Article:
Tuesday, January 19, 2010

Multiple Choice

My students asked me today why I am so opposed to using multiple-choice quizzes. I believe that there is absolutely no pedagogic rationale behind using multiple-choice exercises in the Humanities. The teacher's goal should be making students produce something. Even if it's one word, one date, or one name, it should come from the students.

Another reason why I consider multiple choice completely counter-productive is that it gives 3 or 4 wrong answers for every correct answer. What is the purpose of suggesting mistaken responses to the students? The wrong answers might end up sticking in their brain, and then it's hard to remove them from the students' memory.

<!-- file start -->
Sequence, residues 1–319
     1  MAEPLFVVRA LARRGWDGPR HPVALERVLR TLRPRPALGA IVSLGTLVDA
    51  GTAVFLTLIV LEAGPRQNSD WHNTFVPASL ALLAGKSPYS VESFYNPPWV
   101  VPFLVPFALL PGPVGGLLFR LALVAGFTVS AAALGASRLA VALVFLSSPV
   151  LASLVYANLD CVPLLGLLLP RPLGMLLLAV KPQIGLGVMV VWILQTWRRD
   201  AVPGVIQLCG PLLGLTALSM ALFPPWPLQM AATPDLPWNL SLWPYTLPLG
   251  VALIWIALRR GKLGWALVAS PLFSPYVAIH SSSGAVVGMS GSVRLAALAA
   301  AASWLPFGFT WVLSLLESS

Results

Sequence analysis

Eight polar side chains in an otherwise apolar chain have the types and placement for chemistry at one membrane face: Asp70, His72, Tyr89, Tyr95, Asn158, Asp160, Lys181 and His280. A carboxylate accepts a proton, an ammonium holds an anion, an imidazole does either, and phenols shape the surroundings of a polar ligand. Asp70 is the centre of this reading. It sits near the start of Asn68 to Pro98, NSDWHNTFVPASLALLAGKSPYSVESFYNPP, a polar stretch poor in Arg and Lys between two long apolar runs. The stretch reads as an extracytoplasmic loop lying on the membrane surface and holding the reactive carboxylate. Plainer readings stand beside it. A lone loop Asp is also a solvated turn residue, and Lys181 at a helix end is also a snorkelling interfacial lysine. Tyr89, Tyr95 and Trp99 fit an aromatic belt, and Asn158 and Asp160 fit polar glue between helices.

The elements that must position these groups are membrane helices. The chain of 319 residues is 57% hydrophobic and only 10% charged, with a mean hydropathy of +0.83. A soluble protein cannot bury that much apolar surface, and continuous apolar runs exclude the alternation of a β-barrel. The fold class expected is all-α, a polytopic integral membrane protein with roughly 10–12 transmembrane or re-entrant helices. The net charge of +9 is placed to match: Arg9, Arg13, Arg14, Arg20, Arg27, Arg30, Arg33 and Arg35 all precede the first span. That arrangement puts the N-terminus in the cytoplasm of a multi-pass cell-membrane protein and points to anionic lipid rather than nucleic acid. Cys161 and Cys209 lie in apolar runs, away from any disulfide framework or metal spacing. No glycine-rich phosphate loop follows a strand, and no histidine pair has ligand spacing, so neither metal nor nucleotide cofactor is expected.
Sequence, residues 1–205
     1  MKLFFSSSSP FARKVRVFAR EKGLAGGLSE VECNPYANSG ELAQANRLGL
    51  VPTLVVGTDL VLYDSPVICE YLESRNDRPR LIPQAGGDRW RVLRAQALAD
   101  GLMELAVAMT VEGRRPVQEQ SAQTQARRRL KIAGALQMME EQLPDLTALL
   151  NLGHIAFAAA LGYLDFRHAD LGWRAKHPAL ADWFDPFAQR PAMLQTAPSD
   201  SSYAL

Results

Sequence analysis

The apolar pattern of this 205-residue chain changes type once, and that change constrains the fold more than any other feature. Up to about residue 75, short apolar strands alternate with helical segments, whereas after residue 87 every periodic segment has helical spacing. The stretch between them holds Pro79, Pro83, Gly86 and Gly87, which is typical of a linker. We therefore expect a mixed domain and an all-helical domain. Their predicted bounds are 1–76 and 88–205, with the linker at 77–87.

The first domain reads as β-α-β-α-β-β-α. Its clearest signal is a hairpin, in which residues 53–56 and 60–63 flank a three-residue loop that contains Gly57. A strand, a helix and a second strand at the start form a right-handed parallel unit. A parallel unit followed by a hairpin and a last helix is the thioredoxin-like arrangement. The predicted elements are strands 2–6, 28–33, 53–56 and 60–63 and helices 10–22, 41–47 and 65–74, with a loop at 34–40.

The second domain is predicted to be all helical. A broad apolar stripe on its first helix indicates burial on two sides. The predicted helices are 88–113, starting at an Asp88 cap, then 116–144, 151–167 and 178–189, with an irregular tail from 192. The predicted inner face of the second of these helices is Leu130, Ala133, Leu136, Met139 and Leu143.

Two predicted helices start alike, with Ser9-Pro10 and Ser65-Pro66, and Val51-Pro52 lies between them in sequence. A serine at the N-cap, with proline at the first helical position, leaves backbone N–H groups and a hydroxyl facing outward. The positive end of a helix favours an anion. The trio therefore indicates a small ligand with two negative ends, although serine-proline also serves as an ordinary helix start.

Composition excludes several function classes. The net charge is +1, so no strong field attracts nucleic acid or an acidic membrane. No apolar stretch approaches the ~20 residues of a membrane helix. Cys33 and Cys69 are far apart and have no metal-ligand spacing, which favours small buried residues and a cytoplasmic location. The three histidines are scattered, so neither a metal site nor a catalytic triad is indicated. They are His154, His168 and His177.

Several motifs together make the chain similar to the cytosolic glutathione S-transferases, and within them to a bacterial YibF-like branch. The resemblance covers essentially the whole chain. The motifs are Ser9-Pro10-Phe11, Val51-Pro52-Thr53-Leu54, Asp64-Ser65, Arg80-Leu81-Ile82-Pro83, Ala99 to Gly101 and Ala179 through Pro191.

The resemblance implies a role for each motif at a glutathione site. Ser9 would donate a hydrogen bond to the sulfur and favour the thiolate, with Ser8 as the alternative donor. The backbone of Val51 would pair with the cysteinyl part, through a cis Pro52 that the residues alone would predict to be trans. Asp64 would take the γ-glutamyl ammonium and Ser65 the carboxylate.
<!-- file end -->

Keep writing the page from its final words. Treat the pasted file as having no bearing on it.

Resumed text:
From the teacher's point of view, while correcting multiple-choice assignments is very easy, creating them must be quite painful. I mean, you have to sit there inventing those mistaken responses, which seems like a royal waste of time. I wonder who is the genius who initially came up with this useless form of testing the students' knowledge.


Izgad said...

I do not do multiple choice either, though my students ask for it as well. I like to do identifies and short response questions.

V said...

I do not do multiple choice either, and I am in sciences, where multiple choice is at least sometimes not completely ridiculous.